Possibly the weirdest fandom to come out of the past three to four years is the Succession fandom. It’s a great, phenomenal show, but it doesn’t necessarily have all the ingredients that make a fandom…or at least, not the ingredients that made past fandoms. None of the characters are good; they’re all Bad People, with those two words capitalized for emphasis. There are pairings with plenty of chemistry, homoerotic or otherwise—you can’t make a Tomlette without cracking some Greggs—but it’s a show about the inner workings of a twisted corporation, admittedly told extremely stylishly.

It’s also an HBO show, and in a way, it reminds me of Game of Thrones: powerful, corrupt family tries to keep their hold on considerable power and influence, minus the dragons? I’m thinking the audience is probably pretty different, but I think what draws people in is the innate drive to see conflict between Bad People who do grave misdeeds.

Still, there’s a certain group in Succession fandom, or every fandom, who has to remind us that we’re not supposed to root for these bad people. Again, and again, and again. Which brings me to the title of this column, in particular the words “We don’t care.” If I could take out billboards across the country, or just ads on Twitter, I would put that in all caps, in that weird flame font. You know the one. I historically like antagonists on TV shows; they’re often more interesting than the heroes to me. They cause problems, they trouble the system; they’re rarely on the side of things progressing in a story in a way that the audience would like to see. I love that; a good segment of most audiences kind of hate that. There is a reason these characters are considered “villains”.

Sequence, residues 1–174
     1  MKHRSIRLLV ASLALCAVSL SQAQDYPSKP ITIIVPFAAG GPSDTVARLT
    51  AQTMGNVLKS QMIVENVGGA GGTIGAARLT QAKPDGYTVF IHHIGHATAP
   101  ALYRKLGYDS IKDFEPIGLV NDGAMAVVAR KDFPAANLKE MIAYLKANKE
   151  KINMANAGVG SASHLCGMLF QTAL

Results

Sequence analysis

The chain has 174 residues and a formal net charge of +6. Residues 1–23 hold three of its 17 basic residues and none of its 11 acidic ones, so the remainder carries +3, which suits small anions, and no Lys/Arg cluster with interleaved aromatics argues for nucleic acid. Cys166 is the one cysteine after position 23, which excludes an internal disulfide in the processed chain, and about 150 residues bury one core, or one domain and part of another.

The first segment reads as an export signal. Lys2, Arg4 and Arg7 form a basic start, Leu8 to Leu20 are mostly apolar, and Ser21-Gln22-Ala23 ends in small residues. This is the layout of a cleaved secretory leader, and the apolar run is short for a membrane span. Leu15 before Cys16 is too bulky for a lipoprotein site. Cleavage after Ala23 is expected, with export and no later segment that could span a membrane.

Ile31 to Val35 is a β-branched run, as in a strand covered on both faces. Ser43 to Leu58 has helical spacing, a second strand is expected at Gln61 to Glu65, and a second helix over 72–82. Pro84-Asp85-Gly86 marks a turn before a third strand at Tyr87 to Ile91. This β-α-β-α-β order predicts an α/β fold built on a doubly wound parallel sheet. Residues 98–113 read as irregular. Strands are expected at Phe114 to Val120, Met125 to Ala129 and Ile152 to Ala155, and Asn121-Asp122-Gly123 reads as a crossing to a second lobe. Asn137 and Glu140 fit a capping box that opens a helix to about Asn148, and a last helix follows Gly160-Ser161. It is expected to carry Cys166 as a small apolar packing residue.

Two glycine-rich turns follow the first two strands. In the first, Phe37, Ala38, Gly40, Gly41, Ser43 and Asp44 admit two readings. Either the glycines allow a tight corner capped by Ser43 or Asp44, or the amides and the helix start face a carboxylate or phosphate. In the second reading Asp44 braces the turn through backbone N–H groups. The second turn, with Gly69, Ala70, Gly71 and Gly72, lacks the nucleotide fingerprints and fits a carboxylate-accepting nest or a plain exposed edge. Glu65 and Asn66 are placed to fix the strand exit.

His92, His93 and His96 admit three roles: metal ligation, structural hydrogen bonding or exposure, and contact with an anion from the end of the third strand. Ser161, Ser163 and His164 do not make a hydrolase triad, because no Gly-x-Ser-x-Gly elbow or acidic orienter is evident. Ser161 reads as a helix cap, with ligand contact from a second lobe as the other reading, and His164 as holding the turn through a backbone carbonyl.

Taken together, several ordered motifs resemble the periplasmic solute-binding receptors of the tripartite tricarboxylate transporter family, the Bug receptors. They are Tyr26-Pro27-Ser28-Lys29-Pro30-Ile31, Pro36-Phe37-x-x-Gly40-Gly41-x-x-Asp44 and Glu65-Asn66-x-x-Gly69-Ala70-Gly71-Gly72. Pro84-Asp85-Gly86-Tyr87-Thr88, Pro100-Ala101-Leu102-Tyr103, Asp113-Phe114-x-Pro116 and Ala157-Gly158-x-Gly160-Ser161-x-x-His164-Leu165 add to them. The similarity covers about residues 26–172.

I’m not alone, though: there have been articles on sites like Penguin Teen of all places that advocate for villain lovers. A duo of academics from Northwestern University even published research that people are drawn to villains and antagonists because it reflects their darker selves.

We know characters like the Succession protagonists are bad people; if you come from the perspective that humanity as a whole is problematic and typically ill intention-driven, you might even sympathize with this band of corporate, extremely privileged characters. Maybe it’s not that we don’t care—although, personally, I don’t—it’s that we recognize that being bad, whether at times or all the time, is an innate part of humanity.

At the same time, there’s also a point to be made that these are fictional characters, and the core tenet of fiction is that none of it is really real. You can try to make your movie or TV show or novel realistic, but it will never be a perfect simulacrum of what actually happens on a day to day basis in the world. People can enjoy villains, and not need a constant reminder that these are bad people, because they’re not really people, even if we see aspects of themselves in us.


  1. I know this has nothing to do with the subject, but I wanted to comment on the Lin Manuel Miranda piece from a while back.
    Personally, I felt like it was pretty scandalous the way some try to treat it as a fall from grace despite the fact that both Hamilton and in the Heights are critically acclaimed and both did a lot for diversity
    Miranda may not be perfect but I feel like people try to move them into a model minority who needs to encapsulate everything about his culture while simultaneously rebuking him for doing just that.
    The big thing that I agree with from your article is that it does feel like the pressure people put on Miranda is far more intense than that of white creators and it’s really a shame.
    The masses were so busy debating in the Heights and bullying Biracials that nobody stopped and realized how one-of-a-kind ITH is.
    It’s a golden age Hollywood Musical featuring a predominantly Latino cast .

Comments are closed.